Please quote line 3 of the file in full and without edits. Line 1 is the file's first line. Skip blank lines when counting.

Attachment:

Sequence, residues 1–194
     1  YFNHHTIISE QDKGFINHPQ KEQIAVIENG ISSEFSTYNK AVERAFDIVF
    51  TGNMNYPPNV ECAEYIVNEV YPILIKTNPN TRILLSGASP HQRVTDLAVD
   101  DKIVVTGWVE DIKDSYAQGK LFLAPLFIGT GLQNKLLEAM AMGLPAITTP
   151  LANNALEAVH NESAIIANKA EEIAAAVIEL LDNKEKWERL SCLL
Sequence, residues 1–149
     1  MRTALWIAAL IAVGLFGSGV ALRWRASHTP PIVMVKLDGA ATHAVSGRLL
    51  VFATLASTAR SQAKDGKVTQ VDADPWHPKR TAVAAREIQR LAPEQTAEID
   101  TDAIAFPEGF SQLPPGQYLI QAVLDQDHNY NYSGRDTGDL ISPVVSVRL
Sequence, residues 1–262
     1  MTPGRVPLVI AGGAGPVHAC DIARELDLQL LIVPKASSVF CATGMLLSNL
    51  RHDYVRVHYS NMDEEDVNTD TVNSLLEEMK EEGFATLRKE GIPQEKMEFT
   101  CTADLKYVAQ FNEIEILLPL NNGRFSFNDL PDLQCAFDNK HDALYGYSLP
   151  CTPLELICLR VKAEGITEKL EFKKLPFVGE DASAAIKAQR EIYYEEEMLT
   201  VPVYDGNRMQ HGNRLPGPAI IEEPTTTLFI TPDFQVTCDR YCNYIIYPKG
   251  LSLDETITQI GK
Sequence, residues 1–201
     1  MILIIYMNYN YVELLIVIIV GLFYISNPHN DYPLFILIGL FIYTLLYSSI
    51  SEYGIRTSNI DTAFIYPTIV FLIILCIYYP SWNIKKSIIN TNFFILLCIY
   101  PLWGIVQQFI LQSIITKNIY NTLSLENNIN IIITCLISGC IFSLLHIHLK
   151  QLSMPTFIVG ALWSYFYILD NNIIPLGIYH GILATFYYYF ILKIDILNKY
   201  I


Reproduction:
    51  TGNMNYPPNV ECAEYIVNEV YPILIKTNPN TRILLSGASP HQRVTDLAVD